What advice would you offer to multi-tasking, overwhelmed “later” moms?  I do think that three tidbits of advice apply to any mom who is feeling overwhelmed. Number one is to keep telling yourself every day “If my child is happy, then I am happy.” As mothers, I believe that we convince ourselves that we are never doing enough for him/her. Sometimes, they are pacified by the smallest things, but we may not see this. Hence, if you are seeing smiles and they feel secure, that will eliminate some worry. Secondly, take note of those around you who do or do not consistently offer to help or check on your family. Lean on anyone who is willing to make your life simpler or more stable, and take caution not to expect efforts from the latter. There is no shame in seeking out assistance whenever you feel frustrated or fed up. Third of all, if it feels like too much, it truly is. If you are waking up overly anything in the morning, that is your body and brain telling you to slow down. Set a realistic standard of accomplishments for yourself each day, and if you keep exceeding it, hold yourself accountable for your own actions.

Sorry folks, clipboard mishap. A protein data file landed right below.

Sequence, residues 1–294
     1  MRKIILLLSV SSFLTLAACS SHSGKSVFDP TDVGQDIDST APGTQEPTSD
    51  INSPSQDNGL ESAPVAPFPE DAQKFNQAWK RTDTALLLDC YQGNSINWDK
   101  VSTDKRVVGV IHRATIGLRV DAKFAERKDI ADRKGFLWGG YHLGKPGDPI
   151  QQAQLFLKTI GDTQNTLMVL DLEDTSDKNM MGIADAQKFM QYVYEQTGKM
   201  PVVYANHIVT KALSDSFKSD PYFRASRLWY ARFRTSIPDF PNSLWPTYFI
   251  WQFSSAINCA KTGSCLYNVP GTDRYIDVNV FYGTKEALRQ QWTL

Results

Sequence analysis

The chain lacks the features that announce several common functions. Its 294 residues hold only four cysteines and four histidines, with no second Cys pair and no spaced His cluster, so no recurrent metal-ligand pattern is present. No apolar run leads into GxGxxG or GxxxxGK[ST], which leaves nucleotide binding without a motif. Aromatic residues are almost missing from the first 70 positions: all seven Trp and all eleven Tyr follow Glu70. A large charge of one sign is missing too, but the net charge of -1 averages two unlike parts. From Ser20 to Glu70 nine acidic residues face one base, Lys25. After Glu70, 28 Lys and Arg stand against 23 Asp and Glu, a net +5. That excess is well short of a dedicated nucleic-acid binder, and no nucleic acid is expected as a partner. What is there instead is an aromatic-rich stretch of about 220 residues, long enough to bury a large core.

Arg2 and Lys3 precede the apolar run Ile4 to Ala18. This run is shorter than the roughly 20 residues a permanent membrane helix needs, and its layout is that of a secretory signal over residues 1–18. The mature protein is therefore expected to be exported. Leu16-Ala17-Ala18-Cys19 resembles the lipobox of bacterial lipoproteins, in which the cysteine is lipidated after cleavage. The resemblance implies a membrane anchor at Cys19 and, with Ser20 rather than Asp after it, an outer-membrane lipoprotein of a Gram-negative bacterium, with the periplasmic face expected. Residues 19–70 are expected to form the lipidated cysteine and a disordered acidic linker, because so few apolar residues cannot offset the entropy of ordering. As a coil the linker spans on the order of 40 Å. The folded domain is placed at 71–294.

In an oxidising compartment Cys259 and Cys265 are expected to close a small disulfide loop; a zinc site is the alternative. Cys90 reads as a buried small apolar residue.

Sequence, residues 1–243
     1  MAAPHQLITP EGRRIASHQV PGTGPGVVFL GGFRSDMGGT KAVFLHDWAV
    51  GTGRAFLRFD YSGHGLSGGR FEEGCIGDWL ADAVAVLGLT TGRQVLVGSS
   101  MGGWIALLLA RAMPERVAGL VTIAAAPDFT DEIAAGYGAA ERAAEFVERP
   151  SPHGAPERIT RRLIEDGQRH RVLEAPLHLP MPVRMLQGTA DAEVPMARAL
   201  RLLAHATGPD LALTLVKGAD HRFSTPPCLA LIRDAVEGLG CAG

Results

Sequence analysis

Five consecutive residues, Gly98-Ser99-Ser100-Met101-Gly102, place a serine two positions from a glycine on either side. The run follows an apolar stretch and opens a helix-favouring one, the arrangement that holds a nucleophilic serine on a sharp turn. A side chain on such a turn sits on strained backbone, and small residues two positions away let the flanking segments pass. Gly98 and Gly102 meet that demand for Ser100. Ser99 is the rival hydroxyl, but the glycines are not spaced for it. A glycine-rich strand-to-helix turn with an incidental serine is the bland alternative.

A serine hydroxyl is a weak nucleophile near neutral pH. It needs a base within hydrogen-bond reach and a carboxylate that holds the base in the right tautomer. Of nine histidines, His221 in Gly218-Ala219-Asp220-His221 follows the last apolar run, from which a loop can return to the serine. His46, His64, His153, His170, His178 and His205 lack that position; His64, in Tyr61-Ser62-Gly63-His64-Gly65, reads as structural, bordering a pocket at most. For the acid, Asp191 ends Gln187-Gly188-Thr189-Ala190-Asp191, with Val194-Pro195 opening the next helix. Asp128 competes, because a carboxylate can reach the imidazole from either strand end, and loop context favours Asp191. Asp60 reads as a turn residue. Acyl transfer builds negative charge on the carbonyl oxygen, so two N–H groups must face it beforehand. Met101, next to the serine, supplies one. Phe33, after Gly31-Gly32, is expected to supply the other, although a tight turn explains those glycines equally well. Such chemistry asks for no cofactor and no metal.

Do you think it’s tough to balance parenting, a personal life, and professional pursuits?  One word – absolutely. However, the operative word there is tough, and not impossible. Managing any phase of one’s life successfully takes time, true patience, and persistence. So, in order to find a healthy balance, take a few things into consideration. Your role is parent is always primary – it outranks everyone and everything. Hence, for any daily decision you have to make, ask yourself: if I do this, will I be making a choice that in any way is harmful to my child? Now, every mother/father is entitled to a personal life because being with your child 24/7 is not healthy, nor is being gone day and night. It is important to make time for dating and doing things with friends and family. Professionally speaking, I suggest setting your goals to a level where you are able to support your family while fostering your dreams. The reality is that all of us parents are going to end up feeling guilty any time we are away from home doing anything. Therefore, designate a healthy percentage to personal/professional choices, but remember to respect parental obligations within that chosen percent.